– Immense cabin space
– Economical engine
– Good handling for a minivan
– Third-row seat access
– Firm ride over some surfaces
– Expensive with options
Believe it or not, the large minivan market is actually a hotly-contested segment in the United States. So competitive in fact, that carmakers build specifically-tailored models just for that country. Even Toyota finds the Previa workhorse to be far too pedestrian to be offered in the States, so they build the Sienna there. Honda also builds a minivan in America. It is called the Odyssey, and it has also been offered in the Middle East for years. Only this time, for the 2011 model, Honda is actually serious about promoting it.
The 2011 Honda Odyssey really has no direct competitors in the UAE. The Toyota Previa is just a tall van to carry tourists in. The Kia Carnival is painfully outdated. The aging Mercedes-Benz Viano is hilariously overpriced. And we don’t even know if Chrysler still sells the Voyager here. In contrast, the all-new Odyssey actually tries to be more of a car. It is lower than any other minivan, appears unique thanks to that “lightning bolt” side-window line, and has a wider stance, as if hinting at some sort of sporting potential. We’ll see about that.
The Odyssey has the low step-on height of a regular car, and leads to a cabin with a roof taller than a car but shorter in height than a 4×4. There definitely is no shortage of space, and it is designed to fit seven people in comfort, or cram in eight if needed. Headroom is great but isn’t as abundant as in a tall 4×4, but why would you need useless air above your head anyway? Legroom in the first two rows is superb, but the third row is merely adequate for adults, unless the second-row passengers choose to be generous and slide their seats a bit forward. There is tons of space behind the third row, enough for a week’s worth of groceries for a family of eight, and can fit a sofa once the last row is made to disappear into the floor.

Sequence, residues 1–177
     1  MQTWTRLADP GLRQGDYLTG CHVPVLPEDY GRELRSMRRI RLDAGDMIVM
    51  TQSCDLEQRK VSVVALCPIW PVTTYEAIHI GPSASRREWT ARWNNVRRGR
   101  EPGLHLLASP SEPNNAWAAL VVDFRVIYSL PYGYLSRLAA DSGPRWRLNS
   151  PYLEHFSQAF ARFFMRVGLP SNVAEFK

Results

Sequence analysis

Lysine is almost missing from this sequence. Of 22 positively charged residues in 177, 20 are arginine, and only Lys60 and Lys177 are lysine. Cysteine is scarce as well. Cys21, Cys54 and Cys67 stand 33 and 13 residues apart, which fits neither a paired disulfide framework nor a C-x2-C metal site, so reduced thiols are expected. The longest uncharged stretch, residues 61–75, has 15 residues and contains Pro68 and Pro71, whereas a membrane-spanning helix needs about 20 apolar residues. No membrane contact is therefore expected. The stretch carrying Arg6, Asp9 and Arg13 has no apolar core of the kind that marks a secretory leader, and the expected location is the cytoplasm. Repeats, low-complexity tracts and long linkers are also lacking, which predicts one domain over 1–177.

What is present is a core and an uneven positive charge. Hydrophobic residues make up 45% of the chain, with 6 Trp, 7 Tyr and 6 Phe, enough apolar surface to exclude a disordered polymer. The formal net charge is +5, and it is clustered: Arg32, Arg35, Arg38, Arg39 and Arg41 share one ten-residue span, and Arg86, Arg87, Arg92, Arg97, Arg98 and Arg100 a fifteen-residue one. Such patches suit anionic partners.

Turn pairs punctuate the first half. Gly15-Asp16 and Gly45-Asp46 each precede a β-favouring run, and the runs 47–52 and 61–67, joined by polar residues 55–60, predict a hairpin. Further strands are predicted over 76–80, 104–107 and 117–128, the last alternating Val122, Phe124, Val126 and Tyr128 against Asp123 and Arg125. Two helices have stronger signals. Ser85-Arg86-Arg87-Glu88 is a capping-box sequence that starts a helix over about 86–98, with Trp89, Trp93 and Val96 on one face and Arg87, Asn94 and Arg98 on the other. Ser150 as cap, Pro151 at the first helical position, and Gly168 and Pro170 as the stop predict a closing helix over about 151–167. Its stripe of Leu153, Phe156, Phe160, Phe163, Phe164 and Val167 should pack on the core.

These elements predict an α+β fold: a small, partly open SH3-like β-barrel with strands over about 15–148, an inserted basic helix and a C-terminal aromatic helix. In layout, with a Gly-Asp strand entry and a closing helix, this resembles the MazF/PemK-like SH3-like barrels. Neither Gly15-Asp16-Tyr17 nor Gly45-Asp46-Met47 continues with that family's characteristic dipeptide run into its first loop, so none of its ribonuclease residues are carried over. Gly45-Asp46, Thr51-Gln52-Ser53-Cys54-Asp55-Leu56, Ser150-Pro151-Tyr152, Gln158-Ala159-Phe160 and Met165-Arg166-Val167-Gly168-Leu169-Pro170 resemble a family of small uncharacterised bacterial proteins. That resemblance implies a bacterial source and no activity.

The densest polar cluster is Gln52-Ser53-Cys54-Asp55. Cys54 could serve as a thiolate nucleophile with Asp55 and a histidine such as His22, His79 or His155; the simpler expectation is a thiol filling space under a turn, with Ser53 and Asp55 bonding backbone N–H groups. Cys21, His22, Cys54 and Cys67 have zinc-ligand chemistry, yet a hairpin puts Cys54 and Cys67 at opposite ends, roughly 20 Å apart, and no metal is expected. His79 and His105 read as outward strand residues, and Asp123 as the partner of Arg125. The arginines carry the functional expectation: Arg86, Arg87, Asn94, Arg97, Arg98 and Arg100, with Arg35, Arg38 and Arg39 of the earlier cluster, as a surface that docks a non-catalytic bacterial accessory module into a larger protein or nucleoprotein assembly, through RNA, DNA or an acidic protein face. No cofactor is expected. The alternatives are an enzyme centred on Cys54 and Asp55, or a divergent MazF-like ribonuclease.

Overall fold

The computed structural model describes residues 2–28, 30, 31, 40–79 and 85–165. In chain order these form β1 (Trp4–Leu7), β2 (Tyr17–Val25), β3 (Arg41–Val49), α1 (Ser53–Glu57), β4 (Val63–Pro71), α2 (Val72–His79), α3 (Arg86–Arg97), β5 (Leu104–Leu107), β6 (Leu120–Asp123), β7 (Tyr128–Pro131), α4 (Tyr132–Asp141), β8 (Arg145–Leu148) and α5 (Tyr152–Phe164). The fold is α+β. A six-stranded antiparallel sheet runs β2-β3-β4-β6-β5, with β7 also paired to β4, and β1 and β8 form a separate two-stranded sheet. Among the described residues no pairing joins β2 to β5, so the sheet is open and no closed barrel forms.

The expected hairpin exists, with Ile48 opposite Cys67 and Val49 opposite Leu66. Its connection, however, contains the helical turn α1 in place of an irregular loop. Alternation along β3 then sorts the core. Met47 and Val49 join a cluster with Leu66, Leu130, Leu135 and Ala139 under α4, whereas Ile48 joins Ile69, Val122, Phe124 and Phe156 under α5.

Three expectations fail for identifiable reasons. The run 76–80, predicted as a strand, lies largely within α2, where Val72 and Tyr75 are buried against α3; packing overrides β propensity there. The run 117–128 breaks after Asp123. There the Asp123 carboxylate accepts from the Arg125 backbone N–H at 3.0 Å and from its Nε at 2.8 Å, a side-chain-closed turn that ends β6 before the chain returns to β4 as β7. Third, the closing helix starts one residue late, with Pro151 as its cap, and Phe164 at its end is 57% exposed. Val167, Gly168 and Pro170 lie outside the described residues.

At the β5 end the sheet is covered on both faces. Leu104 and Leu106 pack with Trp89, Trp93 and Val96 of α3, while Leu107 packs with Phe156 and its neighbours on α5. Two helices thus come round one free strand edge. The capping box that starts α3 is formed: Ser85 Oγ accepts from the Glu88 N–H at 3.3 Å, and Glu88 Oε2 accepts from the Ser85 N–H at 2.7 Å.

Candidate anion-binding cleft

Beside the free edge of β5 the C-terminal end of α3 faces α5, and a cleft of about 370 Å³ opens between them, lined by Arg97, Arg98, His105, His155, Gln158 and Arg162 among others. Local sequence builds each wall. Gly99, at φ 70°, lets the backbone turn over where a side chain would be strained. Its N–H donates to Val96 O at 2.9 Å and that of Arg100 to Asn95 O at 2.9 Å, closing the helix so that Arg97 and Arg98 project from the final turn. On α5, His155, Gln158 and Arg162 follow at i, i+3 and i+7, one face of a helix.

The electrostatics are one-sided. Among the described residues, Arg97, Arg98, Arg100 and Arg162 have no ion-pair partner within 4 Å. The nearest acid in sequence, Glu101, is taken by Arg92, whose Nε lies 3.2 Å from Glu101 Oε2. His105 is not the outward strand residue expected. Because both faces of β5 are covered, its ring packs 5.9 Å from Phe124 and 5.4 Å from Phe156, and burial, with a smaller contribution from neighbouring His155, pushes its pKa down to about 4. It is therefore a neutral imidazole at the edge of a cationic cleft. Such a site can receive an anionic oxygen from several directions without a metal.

Configuration options don’t end there, as the three-piece second row can be pulled “wider” to fit three child seats if needed. The third row is also of the 60:40 variety and even includes a central armrest, just like the second row. The front seats get separate pull-down armrests, as there is a huge covered storage tub instead of a traditional centre-console. The lack of a console also means the driver can move to the passenger side without exiting the vehicle, for whatever reason. There are also countless storage cubbies and door pockets spread about, including 15 cup-holders, a cooler box in the front, and a pull-out ring to hang a trash bag from in the middle row. Ironically, even with all this engineering, Honda couldn’t come up with a better system to access the third row, as the second-row seats slide forward partially but don’t fold out of the way.
Material quality is good, of what premium stuff there is. While a lot of the cabin is hard plastic, the part of the dash facing the passenger side as well as the tops of the doors are trimmed in soft-touch materials. And there are padded armrests alongside the windows for not only the first two rows, but the third row as well. Being the top-spec “Touring” version, our tester was nicely upholstered in beige leather, down to the armrests.